Experts have cited the increased use of natural gas in place of coal, hotter summers, a lack of storage and increased exports to Europe as reasons the U.S. natural-gas prices are on the upswing.

APS reports that so far this year it has paid an average of $6.22 per unit for its natural gas, which comes primarily from the San Juan Basin in New Mexico. It said in 2020 its average cost was $1.79 per unit.

Arizona utilities combined get more than 40% of their electricity from power plants that burn natural gas, and Arizona doesn’t produce any of that fuel, or gasoline for that matter. So the state’s electric utilities are vulnerable to spikes in gas prices.

Often they are minor adjustments that only the most attentive customers notice on their monthly bills. But volatile natural gas prices have made the routine adjustments a flashpoint of controversy in recent years.

Last year, regulators at the Corporation Commission decided to phase in the increase in the fuel costs for APS to ease the hit to consumers. But some officials warned then that doing so would only delay an inevitable big hit to customers’ wallets. They agreed to increases of about $2 that hit bills in April and November last year.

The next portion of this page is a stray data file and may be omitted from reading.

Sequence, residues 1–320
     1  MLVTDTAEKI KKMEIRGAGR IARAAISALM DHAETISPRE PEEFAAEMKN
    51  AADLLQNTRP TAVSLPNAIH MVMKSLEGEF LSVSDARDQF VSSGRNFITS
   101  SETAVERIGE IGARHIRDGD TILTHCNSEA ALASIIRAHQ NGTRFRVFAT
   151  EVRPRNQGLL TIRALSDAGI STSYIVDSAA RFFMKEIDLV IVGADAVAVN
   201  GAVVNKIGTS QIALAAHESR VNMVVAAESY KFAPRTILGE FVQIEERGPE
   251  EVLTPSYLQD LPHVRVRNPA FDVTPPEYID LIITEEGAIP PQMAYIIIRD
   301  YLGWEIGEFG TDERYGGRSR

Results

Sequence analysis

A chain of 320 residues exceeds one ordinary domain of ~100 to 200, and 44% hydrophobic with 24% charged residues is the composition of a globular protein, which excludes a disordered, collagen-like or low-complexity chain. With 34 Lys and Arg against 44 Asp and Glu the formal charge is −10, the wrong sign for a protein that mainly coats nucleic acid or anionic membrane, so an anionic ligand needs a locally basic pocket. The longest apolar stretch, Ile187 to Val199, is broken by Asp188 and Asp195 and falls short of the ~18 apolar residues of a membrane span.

And earlier this year, neighboring utility Salt River Project approved two rate hikes averaging about $5.60 a month to pay for higher natural gas prices. One took effect in November and the next phase kicks in next year.

SRP also voted to forgo $124 million that was spent on the fuel, or basically write it off rather than charge customers for it.

The new money APS is requesting is in addition to the $460 million rate hike the company requested in October. That increase would average about $18 a month for customers, if approved in full, and would affect what utilities call “base rates” rather than the line-item for fuel.

The $460 million request will get substantially more debate and could take a year or more to conclude as dozens of stakeholders intervene and present evidence opposing and supporting the increase.

Review showed program ‘working as designed’

But regulators have taken a harder look at the pass-through fuel increases, and one of this magnitude is certain to draw attention.

Last year, regulators ordered an audit of APS fuel purchases following complaints about the costs of the power supply adjustments. That audit, completed earlier this year, concluded “the PSA was working as designed.”

“Therefore, we recommend that the current structure of the PSA be maintained, subject to being reviewed periodically in view of changing conditions,” the auditors at Larkin & Associates PLLC in Michigan and Energy Ventures Analysis of Virginia wrote.

They did however recommend that APS review its hedging program, in which the utility contracts for fuel at a set price in the future to reduce the risk of volatility in fuel prices.

APS’ request for the fuel increase said the company’s hedge program saved APS and its customers $338 million this year.

“However, even with the success of the company’s hedging program, the rising fuel costs and market volatility … continue to cause the under-collected PSA balance to increase,” the company wrote.

Reach reporter Ryan Randazzo at or 602-444-4331. Follow him on Twitter @UtilityReporter.